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Subject: RE: BS: Recipes - what are we eating?
From: sciencegeek
Date: 03 Oct 20 - 05:58 PM

just had my first bowl of stuffed pepper soup, something I've only seen locally here by Lake Erie...

nice thick soup perfect for this cold, damp day and seems simple enough to make at home:

diced green pepper, ground beef, rice, diced onion, chopped tomato and some canned tomato sauce or puree... saute ingredients and then long simmering or use crock pot... minimal seasoning and serve with fresh bread

to me, it tastes better than having stuffed peppers which never seemed to meld the flavors in an enjoyable fashion


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Subject: RE: BS: Recipes - what are we eating?
From: Stilly River Sage
Date: 03 Oct 20 - 06:02 PM

I was thumbing through recipes in my old Fanny Farmer Cookbook and noticed one I've never even read through on the same page as my favorite sweet potato recipe (deLux, with marshmallows).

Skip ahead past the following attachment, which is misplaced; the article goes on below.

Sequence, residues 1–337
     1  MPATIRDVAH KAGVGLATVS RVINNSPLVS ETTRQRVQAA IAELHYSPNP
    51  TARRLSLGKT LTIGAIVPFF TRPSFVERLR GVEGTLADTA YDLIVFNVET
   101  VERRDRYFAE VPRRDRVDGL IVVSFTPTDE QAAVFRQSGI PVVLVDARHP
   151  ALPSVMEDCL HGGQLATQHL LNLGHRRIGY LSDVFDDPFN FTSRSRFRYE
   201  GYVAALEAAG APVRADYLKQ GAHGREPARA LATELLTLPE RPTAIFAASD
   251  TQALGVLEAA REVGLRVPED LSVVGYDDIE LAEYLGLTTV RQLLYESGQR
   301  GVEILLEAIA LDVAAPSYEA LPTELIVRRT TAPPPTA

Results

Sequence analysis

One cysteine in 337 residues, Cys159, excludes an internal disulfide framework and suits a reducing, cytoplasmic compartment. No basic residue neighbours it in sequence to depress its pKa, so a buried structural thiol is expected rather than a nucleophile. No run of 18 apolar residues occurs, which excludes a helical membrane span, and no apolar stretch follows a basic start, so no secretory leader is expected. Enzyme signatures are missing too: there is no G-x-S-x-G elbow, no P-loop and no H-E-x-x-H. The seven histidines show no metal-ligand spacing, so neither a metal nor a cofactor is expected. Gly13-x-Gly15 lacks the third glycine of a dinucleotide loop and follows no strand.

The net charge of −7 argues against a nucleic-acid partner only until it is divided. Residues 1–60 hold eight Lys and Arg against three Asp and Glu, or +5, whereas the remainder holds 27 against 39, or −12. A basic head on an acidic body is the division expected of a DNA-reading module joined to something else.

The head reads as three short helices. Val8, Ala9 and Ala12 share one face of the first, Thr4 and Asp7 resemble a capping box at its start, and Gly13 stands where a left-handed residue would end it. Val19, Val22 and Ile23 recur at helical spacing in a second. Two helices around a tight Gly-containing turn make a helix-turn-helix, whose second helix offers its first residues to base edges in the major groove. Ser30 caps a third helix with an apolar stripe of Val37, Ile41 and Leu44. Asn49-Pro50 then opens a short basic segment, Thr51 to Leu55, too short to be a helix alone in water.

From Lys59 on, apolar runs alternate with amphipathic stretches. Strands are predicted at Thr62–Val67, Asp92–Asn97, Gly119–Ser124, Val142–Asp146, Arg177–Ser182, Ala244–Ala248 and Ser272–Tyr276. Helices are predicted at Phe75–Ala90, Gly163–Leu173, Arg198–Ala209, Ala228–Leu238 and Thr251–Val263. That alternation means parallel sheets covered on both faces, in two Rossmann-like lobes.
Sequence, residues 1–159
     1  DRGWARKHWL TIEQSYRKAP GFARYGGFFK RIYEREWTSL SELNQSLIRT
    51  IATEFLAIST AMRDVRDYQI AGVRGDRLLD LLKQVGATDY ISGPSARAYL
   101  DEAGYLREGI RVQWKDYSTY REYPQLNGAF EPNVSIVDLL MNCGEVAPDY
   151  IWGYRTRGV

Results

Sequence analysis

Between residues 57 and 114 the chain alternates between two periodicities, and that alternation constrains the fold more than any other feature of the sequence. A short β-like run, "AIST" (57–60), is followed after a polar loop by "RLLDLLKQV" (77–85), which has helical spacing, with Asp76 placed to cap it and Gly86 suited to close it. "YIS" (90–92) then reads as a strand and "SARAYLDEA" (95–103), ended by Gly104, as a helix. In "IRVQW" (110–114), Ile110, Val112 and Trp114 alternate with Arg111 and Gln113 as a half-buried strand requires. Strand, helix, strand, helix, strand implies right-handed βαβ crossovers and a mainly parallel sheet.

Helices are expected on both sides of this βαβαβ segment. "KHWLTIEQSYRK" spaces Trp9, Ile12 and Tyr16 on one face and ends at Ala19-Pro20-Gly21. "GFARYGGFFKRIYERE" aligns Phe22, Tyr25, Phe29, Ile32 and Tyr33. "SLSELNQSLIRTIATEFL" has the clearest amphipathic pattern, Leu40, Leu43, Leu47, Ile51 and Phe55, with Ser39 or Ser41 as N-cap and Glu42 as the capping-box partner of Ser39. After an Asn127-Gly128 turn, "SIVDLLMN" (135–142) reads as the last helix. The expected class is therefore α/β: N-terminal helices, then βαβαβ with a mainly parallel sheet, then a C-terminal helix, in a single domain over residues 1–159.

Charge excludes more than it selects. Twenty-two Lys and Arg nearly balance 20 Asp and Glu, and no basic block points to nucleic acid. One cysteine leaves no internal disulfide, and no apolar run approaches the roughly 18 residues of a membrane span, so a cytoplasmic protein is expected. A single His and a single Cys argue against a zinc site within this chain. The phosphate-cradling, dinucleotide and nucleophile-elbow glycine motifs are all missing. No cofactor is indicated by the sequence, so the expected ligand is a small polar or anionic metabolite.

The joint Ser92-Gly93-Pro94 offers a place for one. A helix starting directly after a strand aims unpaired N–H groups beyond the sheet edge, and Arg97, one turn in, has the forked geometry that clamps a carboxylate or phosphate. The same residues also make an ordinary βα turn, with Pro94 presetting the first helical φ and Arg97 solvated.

It's a potato (Irish) recipe that I'll give a try and if it works I'll report back.


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Subject: RE: BS: Recipes - what are we eating?
From: Stilly River Sage
Date: 03 Oct 20 - 11:47 PM

I make a pan-fried sliced potato regularly, sauté in olive oil usually, and lots of spices added, including smoky paprika. Today I was looking at the potato recipes in the book above and spotted "Lyonnaise potatoes." I tried making it according to that recipe and didn't end up with what it suggested I would - apparently if you mix everything just right and cook really slowly the bottom browns and it cooks together enough to be "flipped over like an omelet." Didn't happen, and it came out a little too caramelized, but is still edible. I then turned to YouTube.

The version I see there uses either uncooked or or sliced previously boiled potatoes, plus the onions and the butter and salt and pepper. And I'll make it in the way I do my regular pan-fried potatoes, just adding the onion after the potatoes have partly browned so they don't burn. (The recipe demonstrated on "Cooks Country" will work just fine for me, but no layer of potatoes like the book suggests.)


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Subject: RE: BS: Recipes - what are we eating?
From: Raggytash
Date: 04 Oct 20 - 12:16 PM

Easy remedy Stilly River Sage, cook the potatoes in one pan and the onions in another and then mix!!


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Subject: RE: BS: Recipes - what are we eating?
From: Mrrzy
Date: 04 Oct 20 - 01:21 PM

The flank steak was yum, despite adventure.

It is the only cut of beef I make well. Most of my steaks are tough.